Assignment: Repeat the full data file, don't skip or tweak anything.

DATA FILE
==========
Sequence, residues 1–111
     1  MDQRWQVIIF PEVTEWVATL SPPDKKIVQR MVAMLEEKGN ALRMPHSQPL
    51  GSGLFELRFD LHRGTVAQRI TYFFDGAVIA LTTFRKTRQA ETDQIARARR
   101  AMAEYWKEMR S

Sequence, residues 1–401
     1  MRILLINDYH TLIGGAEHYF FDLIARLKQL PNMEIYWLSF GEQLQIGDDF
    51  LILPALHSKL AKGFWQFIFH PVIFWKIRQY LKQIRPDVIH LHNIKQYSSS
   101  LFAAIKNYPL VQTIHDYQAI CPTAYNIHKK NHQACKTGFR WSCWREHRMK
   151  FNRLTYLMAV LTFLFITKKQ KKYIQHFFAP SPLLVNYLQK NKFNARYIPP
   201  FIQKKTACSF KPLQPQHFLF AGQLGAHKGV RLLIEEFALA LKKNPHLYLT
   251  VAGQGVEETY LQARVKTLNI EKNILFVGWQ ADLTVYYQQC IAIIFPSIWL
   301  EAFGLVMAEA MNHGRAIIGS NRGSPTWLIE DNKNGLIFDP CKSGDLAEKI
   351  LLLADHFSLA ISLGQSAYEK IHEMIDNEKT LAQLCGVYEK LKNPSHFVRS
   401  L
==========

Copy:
Sequence, residues 1–111
     1  MDQRWQVIIF PEVTEWVATL SPPDKKIVQR MVAMLEEKGN ALRMPHSQPL
    51  GSGLFELRFD LHRGTVAQRI TYFFDGAVIA LTTFRKTRQA ETDQIARARR
   101  AMAEYWKEMR S

Sequence, residues 1–401
     1  MRILLINDYH TLIGGAEHYF FDLIARLKQL PNMEIYWLSF GEQLQIGDDF
    51  LILPALHSKL AKGFWQFIFH PVIFWKIRQY LKQIRPDVIH LHNIKQYSSS
   101  LFAAIKNYPL VQTIHDYQAI CPTAYNIHKK NHQACKTGFR WSCWREHRMK
   151  FNRLTYLMAV LTFLFITKKQ KKYIQHFFAP SPLLVNYLQK NKFNARYIPP
   201  FIQKKTACSF KPLQPQHFLF AGQLGAHKGV RLLIEEFALA LKKNPHLYLT
   251  VAGQGVEETY LQARVKTLNI EKNILFVGWQ ADLTVYYQQC IAIIFPSIWL
   301  EAFGLVMAEA MNHGRAIIGS NRGSPTWLIE DNKNGLIFDP CKSGDLAEKI
   351  LLLADHFSLA ISLGQSAYEK IHEMIDNEKT LAQLCGVYEK LKNPSHFVRS
   401  L